Dangerous Philosophies

Someone recently tweeted about Happy Calories Don’t Count, “Dangerous philosophy, but I like it!” While I’m honored to have earned a tweet, and the comment does seem to be complimentary, it makes me wonder. Why is the idea that “Happy Calories Don’t Count” dangerous? Is “dangerous” simply a colorful synonym for “fun” or “nice”? Or did this person really mean “dangerous”? They always say that there is a bit of truth in every lie. So I can guess that even if this person was simply trying to be entertaining or provocative, this person, on some level, really does believe that it is dangerous to live by the Happy Calories Don’t Count motto.

So again, I ask “why?” Why is it dangerous to eat when you’re hungry and eat foods you enjoy? It’s “dangerous” because it flies in the face of all that we’re taught to believe based on the traditional “diet and exercise” model that is ingrained in our weight-obsessed culture. This model suggests that one’s body shape and size can be changed simply by diet and exercise and as such, implies any number of erroneous ideas. These ideas include, but are not limited to the following:

1)    You are a balance sheet: consume fewer calories than are expended and you lose weight, consume equal calories that are expended and you maintain weight, consume more calories than are expended and you gain weight.

2)    A scarcity mentality: You only get so many calories in a day, or else!

3)    Food is something you “earn” or it is a “price to be paid” either through exercise or through negative effects in your body shape.

4)    Food choices must be controlled, or else!

5)    Your body cannot be trusted – it must be controlled.

6)    Your body is controlled by balancing a math equation of “calories in” vs. “calories out.”

7)    Controlling your body’s shape and size is an on-going war in the “battle of the bulge.”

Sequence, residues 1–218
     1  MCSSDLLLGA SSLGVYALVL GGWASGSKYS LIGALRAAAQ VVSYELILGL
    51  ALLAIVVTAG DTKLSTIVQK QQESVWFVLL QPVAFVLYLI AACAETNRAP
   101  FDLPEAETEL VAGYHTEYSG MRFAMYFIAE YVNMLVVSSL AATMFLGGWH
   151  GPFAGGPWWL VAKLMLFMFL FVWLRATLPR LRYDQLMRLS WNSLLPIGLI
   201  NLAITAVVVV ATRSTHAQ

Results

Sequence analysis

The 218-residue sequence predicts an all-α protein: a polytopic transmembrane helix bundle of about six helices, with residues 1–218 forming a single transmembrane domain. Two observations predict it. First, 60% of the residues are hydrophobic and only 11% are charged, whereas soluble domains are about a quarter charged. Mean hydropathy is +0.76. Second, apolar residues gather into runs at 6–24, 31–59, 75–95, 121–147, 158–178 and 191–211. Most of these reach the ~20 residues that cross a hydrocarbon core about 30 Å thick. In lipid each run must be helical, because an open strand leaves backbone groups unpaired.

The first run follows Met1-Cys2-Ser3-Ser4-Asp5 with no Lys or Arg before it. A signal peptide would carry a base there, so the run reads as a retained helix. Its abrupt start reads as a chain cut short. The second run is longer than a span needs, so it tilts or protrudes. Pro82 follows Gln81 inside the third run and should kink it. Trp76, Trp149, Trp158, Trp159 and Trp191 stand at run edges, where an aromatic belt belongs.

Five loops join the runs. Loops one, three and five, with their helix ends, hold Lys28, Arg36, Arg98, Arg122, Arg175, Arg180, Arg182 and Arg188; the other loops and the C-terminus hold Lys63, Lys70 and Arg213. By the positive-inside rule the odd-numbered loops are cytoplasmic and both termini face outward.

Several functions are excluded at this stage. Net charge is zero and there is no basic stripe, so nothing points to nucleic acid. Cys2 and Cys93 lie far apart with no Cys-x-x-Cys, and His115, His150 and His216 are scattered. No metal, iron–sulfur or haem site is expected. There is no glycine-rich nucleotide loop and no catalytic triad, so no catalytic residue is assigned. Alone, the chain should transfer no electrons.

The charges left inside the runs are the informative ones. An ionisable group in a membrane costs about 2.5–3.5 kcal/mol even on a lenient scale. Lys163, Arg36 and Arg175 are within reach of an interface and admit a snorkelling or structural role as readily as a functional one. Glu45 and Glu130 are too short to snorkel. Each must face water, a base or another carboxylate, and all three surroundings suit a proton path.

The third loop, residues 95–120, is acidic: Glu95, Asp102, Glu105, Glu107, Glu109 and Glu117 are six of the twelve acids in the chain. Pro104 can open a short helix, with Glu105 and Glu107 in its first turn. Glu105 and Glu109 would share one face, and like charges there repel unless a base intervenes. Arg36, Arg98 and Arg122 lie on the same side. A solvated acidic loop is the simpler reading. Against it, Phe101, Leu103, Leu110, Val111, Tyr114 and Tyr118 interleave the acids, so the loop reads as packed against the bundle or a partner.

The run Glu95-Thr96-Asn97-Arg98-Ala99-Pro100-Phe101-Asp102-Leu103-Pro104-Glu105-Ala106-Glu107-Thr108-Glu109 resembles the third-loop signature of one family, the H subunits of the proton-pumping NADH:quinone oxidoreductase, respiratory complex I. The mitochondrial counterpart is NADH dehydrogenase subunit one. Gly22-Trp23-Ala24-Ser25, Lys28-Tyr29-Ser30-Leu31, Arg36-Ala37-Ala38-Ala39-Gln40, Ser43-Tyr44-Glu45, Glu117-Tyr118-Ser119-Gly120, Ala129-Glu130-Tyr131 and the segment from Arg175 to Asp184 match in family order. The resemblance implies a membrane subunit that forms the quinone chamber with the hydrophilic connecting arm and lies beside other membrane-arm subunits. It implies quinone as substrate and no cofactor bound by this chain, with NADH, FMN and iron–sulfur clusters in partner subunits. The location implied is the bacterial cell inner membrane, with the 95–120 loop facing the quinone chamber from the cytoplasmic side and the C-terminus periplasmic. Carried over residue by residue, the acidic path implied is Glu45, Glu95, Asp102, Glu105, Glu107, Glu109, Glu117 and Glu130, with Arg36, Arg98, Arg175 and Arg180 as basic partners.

8)    To win this war, sacrifices must be made.

9)    These sacrifices include hunger and food or exercise that you may not enjoy.

10) Everyone knows what to do to lose weight – diet and exercise – so if you don’t look good, you’re simply unmotivated, undisciplined or lazy.

So now let’s look at some results of this traditional “diet and exercise” model for weight-loss or weight-control.

1)    Ninety-seven percent of American dieters regain all the weight they lose within five years.[1]

2) Sixty percent of American dieters regain all the weight they lose within a single year.

3)    Over $46 billion is spent on the diet industry in the US each year.[2]

4)    Over 55% of the US adult population is dieting at any given time.

5)    Thirty-five percent of “normal dieters” progress to pathological dieting; of those, 20 – 25% progress to partial or full-syndrome eating disorders.

6)    Over $12 billion is lost each year on wasted gym memberships, 80% of the 40 million people paying for memberships are not using them.[3]

Happy Calories Don’t Count is a weight-loss paradigm that recognizes you are more than a balance sheet and that your body has an intelligence of its own. Happy Calories Don’t Count embraces the totality of you – your body, your thoughts, your feelings, your beliefs – and seeks to integrate them in a congruent manner. By viewing your actions through a perspective of alignment and happiness, Happy Calories Don’t Count teaches you to eat when you’re hungry and to eat foods you enjoy. This satisfies both the physical needs of your body and the mental, emotional and spiritual needs of your mind and spirit. You don’t need to worry about eating “too much” because your body will tell you when to stop. And you don’t need to worry about not eating the “right” food because if something wouldn’t be “right”, your body would not want to eat it in the first place. Happy Calories Don’t Count teaches that exercise is not something you do to lose or maintain weight. It is not a price to pay for eating or for getting your body to look a certain way. Rather, the purpose of exercise is to connect with and tune your body. In sum, Happy Calories Don’t Count is a model that takes the pain and struggle out of losing weight and creates effective, long-term results.

So now I ask, which philosophy is really dangerous?


[2] www.money-central.msn.com/content/invest/forbes/P114424

[3] www.medicalnewstoday.com/articles/23696.php